At the risk of belabouring the point, I’m going to say a few more words about Case Brennan.
A few days ago, commenting on blog posts that contributed to John Brennan withdrawing his candidacy for CIA director, I suggested that we bloggers “don’t dig up stuff, we just rip off other people’s work; and when that work is substandard or nonexistent, as in the case of Brennan, all we come up with is recycled quotes from a couple of interviews we wouldn’t even know existed were it not for Wikipedia”:
I find this kind of vetting-by-Google problematic for a variety of reasons. First of all, it gives you no real insight into a person’s character. Unlike investigative journalism, it only tells you what someone has said, not what he has done. Secondly, since this lazy man’s method mostly turns up useless blabber, even bright guys like Greenwald are reduced to cherry-picking that borders on the absurd.
Here’s a fresh example:
In yesterday’s New York Times, Mark Mazzetti and Scott Shane wrote that Senator Dianne Feinstein (D-California), who has championed the case for making the CIA follow military interrogation rules, might be backpedalling on torture:
[…] In an interview on Tuesday, Mrs. Feinstein indicated that extreme cases might call for flexibility. ‘I think that you have to use the noncoercive standard to the greatest extent possible,’ she said, raising the possibility that an imminent terrorist threat might require special measures.
Afterward, however, Mrs. Feinstein issued a statement saying: ‘The law must reflect a single clear standard across the government, and right now, the best choice appears to be the Army Field Manual. I recognize that there are other views, and I am willing to work with the new administration to consider them.’
Right — except that’s not all she said.
According to The Washington Independent’s ever-vigilant Spencer Ackerman, Feinstein had actually been unequivocal about banning torture, but Mazzetti and Shane chose not to include the last sentence of her statement:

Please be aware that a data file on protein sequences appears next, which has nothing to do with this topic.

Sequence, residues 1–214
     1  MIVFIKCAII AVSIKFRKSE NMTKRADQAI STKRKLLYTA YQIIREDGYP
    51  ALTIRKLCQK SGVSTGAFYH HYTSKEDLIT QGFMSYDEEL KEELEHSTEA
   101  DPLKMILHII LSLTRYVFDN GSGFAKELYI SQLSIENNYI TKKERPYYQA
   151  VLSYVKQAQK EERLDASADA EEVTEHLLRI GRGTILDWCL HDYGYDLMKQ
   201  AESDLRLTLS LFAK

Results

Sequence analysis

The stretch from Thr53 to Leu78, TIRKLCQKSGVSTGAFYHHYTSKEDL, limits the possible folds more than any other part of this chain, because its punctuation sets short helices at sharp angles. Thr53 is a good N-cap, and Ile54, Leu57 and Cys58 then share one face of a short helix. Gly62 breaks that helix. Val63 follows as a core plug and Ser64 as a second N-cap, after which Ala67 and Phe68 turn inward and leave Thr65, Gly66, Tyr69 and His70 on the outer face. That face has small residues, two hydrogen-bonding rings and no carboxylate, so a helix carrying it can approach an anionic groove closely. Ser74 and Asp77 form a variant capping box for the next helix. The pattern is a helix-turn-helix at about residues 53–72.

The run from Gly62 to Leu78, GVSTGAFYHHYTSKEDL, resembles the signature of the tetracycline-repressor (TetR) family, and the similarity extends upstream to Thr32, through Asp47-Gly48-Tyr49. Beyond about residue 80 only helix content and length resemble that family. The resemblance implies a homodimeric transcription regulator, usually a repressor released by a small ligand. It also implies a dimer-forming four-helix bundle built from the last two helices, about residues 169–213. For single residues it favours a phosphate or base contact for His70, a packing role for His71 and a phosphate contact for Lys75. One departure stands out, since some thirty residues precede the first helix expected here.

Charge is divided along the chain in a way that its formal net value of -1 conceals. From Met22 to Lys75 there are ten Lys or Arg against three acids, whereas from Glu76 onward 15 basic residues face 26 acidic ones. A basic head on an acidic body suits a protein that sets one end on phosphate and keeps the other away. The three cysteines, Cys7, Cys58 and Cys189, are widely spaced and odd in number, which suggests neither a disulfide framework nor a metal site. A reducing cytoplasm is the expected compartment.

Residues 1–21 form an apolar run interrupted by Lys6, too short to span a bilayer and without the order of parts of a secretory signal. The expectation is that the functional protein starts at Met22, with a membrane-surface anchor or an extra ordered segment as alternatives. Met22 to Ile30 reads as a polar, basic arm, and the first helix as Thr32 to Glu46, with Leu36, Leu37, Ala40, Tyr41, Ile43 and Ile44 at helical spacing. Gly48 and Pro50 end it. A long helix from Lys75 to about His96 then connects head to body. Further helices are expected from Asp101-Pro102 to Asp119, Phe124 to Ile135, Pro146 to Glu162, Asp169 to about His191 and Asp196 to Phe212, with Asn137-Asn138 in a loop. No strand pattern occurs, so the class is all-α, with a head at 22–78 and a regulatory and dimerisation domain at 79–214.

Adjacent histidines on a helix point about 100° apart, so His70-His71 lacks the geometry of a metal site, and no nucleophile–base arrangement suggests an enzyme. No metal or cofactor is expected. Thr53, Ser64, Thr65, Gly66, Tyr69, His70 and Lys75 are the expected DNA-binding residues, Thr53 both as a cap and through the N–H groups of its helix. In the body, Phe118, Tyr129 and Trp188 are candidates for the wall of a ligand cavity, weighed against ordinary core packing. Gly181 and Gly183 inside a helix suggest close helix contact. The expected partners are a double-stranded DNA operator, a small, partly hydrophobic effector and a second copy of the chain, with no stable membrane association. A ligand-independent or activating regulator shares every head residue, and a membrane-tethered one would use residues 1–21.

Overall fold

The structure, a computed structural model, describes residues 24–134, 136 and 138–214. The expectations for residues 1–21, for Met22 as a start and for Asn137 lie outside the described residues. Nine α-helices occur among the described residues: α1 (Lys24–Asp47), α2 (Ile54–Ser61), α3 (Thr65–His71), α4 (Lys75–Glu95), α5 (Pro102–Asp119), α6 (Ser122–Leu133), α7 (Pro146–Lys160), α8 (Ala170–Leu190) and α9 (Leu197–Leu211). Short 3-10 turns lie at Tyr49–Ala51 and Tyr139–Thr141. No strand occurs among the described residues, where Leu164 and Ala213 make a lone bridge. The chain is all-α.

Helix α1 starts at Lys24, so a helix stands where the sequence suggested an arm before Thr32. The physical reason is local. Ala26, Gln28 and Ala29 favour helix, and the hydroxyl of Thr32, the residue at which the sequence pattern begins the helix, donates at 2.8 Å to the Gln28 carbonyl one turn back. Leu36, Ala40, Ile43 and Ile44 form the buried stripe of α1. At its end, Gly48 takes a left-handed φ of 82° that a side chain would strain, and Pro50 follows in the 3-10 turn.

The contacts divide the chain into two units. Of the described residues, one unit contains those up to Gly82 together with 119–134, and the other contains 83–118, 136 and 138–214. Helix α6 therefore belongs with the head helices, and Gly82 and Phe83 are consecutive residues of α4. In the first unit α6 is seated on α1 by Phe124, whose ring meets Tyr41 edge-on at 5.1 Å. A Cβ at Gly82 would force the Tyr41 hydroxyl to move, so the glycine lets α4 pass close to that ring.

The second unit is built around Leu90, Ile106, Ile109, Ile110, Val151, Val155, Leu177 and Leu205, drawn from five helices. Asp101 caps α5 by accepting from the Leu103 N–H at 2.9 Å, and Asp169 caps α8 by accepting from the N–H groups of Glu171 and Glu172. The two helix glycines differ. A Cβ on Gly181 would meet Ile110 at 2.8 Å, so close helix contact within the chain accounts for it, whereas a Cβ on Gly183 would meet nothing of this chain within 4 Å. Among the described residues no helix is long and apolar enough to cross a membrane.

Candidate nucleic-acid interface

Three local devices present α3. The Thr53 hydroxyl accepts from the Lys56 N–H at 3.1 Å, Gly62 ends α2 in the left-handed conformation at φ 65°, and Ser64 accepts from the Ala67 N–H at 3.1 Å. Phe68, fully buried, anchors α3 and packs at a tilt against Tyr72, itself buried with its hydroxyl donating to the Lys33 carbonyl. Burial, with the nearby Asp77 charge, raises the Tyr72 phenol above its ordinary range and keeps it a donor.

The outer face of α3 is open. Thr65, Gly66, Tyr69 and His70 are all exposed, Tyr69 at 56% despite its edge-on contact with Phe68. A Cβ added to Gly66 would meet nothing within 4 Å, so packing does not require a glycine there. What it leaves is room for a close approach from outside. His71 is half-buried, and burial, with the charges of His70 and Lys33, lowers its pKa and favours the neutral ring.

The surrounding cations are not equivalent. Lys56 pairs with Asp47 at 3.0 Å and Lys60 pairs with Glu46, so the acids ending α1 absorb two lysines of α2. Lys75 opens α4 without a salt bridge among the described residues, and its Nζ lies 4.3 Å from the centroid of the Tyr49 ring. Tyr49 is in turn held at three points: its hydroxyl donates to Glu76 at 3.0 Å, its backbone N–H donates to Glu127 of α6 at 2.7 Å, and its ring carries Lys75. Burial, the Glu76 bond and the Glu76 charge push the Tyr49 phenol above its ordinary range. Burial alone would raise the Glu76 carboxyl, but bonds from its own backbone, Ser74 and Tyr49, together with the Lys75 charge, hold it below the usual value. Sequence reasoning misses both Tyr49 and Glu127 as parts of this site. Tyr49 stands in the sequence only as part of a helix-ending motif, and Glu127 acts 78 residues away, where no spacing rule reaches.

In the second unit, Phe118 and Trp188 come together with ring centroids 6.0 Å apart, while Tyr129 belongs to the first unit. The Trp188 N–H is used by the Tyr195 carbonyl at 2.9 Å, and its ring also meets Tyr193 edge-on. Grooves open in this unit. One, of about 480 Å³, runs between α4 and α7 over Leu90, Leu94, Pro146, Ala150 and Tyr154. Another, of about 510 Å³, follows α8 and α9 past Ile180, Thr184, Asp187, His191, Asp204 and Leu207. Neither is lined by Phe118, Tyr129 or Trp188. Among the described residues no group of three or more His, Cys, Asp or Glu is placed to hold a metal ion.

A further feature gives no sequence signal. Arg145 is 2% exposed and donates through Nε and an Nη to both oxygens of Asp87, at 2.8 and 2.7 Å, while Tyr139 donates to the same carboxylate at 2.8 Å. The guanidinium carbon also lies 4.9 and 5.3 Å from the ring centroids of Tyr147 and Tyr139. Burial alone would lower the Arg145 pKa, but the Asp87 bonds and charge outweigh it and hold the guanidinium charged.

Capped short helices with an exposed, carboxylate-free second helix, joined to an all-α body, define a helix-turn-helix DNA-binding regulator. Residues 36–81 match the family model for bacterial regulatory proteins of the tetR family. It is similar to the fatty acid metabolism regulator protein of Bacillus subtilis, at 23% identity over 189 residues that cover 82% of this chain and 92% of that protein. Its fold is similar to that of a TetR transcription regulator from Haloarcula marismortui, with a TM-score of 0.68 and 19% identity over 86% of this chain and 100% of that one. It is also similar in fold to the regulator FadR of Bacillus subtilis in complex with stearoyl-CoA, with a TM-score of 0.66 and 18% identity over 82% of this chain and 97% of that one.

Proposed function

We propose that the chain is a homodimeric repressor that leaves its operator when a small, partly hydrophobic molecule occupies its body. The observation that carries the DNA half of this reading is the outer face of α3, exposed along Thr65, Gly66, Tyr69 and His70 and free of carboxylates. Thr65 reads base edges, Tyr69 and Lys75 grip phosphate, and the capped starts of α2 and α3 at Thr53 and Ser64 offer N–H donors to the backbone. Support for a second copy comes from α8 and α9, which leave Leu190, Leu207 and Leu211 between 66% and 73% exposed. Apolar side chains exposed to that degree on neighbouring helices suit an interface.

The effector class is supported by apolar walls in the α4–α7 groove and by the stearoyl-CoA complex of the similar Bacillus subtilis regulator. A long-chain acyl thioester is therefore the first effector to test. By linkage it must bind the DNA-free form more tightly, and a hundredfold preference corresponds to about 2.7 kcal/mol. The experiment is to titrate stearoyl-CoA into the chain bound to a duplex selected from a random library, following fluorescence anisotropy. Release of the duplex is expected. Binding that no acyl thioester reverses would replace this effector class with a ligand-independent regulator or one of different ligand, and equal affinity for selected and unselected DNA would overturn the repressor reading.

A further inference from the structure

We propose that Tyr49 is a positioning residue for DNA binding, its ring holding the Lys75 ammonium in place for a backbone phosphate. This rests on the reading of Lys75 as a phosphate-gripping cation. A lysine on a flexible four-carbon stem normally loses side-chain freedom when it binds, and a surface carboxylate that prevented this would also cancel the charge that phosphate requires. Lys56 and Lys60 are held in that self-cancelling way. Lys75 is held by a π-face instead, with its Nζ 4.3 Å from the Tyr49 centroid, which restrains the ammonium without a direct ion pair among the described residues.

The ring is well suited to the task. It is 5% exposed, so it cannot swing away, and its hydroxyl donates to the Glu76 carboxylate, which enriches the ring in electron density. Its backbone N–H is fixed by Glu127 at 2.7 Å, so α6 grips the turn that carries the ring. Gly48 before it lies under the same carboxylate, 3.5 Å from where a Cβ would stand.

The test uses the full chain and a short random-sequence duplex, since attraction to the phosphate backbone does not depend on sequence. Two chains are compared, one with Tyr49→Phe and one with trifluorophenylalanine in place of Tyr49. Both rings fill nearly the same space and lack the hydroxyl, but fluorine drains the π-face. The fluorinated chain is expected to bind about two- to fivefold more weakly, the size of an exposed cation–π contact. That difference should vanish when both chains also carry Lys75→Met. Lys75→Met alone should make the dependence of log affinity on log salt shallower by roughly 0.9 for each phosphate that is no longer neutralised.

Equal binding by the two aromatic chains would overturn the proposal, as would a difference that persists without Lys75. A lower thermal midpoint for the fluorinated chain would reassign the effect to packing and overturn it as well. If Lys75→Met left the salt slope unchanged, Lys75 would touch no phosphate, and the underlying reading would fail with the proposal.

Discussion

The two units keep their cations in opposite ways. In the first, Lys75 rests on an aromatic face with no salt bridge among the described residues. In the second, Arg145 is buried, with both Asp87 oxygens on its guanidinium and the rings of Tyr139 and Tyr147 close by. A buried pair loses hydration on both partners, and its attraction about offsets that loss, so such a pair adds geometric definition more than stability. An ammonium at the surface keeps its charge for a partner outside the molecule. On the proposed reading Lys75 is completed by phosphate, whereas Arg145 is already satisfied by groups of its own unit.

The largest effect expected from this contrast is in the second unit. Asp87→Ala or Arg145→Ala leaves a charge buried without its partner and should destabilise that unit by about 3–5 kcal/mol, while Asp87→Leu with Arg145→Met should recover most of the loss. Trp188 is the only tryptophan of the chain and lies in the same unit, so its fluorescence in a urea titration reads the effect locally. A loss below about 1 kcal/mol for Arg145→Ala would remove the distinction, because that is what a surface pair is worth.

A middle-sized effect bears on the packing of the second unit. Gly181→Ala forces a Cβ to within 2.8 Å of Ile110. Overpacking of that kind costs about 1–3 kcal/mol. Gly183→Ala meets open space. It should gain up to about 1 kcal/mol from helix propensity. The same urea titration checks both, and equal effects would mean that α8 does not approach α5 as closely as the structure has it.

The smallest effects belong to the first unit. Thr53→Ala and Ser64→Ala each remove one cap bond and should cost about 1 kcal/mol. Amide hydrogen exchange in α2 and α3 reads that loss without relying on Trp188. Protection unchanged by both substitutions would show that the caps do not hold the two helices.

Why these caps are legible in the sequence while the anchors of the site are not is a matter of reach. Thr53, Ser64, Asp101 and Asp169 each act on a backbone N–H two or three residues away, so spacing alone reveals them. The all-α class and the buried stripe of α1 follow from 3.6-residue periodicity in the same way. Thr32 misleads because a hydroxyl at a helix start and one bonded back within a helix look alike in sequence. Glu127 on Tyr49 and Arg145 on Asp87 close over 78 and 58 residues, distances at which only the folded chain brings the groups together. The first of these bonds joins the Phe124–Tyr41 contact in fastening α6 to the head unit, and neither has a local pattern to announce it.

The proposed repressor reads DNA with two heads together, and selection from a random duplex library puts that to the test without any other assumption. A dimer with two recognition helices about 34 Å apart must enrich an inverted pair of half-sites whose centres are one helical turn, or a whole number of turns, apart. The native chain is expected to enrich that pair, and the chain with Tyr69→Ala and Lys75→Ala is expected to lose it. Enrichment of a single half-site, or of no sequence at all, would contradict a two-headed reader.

‘However, my intent is to pass a law that effectively bans torture, complies with all laws and treaties, and provides a single standard across the government.’
We can spend the rest of our lives debating the journalistic merits of this kind of editing, but my point is simply this: Should Feinstein ever be a candidate for any office whose brief includes intelligence gathering, human rights, national security, or foreign policy, the first quote would most likely turn up in a Google search, and the second one wouldn’t.
Bloggers eager to scrutinise her record would latch on to a truncated version of what she said. They would miss the point, and once again they would end up assassinating a character without really knowing what the hell they’re talking about.
[UPDATE: And so it begins.]
[UPDATE II: Here’s Feinstein’s second statement, clarifying her stand further:
‘I strongly believe there should be a single, clear standard for interrogation across the federal government, and that this standard should comply with the Geneva Convention, the United Nations Convention Against Torture, and U.S. law. I plan to introduce legislation in January that would close Guantanamo, make the Army Field Manual the single standard for interrogations, prohibit contractors from being used to carry out interrogations and provide the International Committee of the Red Cross with access to detainees. If the incoming administration decides to propose an alternative to this legislation, I am willing to hear its views. But I believe we must put an end to coercive interrogations by the CIA.’
Sounds pretty unequivocal to me. But I’m willing to bet that in the liberal Blogosphere’s echo chamber of likeminded self-righteousness, she will henceforth be a ‘waiverer’, if not an outright torture advocate.]